ChandaPustaka, a prominent publishing house, has even offered a 50% discount on all their e-books during the lockdown period. However, this mode of reading is largely alien to most Kannada readers, who are reluctant to read on a mobile or a tablet. Still, the lack of access to physical books might lead to some reluctant conversion.
There is a flurry of literary activity on social networking websites, with a number of young poets and writers reading out their work online through the day. While such initiatives have garnered praise and encouragement, it is not sure how long this can be sustained.
Of course, in theory readers should have a lot of reading time at their disposal during the lockdown, with their To Be Read collections begging for attention. However, they are facing a challenge in focusing on books, stressing as they are over pandemic-related news updates instead.
February and March are important months for Kannada book publishers, as this is the time when the government purchases books for its libraries and makes payments upfront. This period also marks the end of the financial year. But the pandemic has put a hold on all the purchase activities of the government, which also happens to be the biggest customer for Kannada publishers.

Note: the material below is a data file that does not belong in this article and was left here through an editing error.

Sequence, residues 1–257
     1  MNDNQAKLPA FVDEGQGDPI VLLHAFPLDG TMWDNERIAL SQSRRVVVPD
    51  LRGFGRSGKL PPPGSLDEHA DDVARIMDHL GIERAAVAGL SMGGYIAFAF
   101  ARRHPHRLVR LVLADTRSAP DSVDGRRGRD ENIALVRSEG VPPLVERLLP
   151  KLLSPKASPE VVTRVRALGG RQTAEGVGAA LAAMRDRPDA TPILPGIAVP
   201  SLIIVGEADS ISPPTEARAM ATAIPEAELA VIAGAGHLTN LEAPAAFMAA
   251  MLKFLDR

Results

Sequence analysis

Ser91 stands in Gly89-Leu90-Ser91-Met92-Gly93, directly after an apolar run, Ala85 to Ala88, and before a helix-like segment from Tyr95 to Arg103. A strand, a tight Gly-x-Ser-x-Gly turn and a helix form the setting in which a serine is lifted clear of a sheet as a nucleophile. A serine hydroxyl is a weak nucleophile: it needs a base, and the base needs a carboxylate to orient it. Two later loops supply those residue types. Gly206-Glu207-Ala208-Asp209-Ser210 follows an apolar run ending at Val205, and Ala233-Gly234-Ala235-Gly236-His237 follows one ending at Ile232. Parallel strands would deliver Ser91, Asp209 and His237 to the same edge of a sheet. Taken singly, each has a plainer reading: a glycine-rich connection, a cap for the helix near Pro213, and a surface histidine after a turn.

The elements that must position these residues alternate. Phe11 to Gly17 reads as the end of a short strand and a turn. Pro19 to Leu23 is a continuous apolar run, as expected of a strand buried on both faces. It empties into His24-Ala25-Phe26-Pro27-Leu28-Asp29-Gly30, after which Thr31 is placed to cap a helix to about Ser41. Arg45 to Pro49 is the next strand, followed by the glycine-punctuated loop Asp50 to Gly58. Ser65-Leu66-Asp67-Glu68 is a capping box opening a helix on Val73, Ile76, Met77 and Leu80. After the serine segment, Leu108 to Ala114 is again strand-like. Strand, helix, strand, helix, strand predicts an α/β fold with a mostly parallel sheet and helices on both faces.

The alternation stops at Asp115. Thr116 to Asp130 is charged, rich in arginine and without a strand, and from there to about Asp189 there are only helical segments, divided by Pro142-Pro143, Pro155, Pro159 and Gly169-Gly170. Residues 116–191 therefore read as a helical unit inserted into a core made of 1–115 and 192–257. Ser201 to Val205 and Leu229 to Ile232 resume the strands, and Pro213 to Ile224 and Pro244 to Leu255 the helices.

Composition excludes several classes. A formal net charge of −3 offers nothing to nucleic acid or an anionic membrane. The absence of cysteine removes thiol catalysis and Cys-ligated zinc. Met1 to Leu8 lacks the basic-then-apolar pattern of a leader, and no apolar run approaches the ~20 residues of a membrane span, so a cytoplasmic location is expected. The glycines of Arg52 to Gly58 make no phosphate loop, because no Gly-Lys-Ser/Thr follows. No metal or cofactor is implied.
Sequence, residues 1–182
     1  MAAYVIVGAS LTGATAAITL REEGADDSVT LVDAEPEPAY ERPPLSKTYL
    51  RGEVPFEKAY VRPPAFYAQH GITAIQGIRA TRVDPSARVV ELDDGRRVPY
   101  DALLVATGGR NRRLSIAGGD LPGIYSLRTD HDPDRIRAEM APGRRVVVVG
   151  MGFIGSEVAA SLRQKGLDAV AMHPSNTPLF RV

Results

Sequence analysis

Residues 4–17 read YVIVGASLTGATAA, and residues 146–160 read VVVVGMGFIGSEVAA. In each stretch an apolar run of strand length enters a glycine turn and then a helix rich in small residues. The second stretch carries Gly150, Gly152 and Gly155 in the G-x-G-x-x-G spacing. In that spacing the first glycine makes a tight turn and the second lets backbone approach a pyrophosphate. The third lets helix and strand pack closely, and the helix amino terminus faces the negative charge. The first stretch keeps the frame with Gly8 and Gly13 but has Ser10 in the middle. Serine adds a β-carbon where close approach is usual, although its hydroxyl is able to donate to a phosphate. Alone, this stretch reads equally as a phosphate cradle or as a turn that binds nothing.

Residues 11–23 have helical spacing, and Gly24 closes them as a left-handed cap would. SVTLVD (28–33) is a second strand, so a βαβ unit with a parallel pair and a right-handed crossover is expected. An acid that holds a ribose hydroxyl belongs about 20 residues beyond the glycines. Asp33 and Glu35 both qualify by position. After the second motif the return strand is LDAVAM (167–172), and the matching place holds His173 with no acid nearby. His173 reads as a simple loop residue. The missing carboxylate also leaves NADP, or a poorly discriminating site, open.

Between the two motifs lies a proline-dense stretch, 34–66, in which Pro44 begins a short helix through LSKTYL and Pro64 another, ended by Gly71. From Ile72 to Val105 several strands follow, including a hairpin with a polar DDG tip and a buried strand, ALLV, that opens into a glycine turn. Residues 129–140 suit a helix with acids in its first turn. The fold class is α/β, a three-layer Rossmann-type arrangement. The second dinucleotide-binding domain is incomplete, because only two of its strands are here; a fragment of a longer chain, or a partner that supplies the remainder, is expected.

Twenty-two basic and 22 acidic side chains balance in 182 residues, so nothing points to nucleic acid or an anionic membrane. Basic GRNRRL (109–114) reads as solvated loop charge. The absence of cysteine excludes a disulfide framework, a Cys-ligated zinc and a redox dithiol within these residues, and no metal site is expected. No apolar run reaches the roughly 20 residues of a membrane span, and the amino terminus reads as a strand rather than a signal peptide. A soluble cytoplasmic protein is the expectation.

By the time the pandemic abates and situation is normal again, a new financial year will have begun, but the publishers fear that the Karnataka government, which is already grappling with revenue shortfalls, might just use this as an excuse to cancel the annual book purchase activity.
Kannada readers and publishers, who only feared the silverfish that ate up books stored in warehouses, are now terrified by a microscopic parasite which threatens to cause a loss of greater magnitude. There is great uncertainty over how long this situation will persist, but one thing is for certain – after the world limps back to normalcy, the Kannada book industry will find itself in an entirely different situation, with new challenges to address.
Translated by Karthik.
This series of articles on the impact of the coronavirus pandemic on publishing is curated by Kanishka Gupta.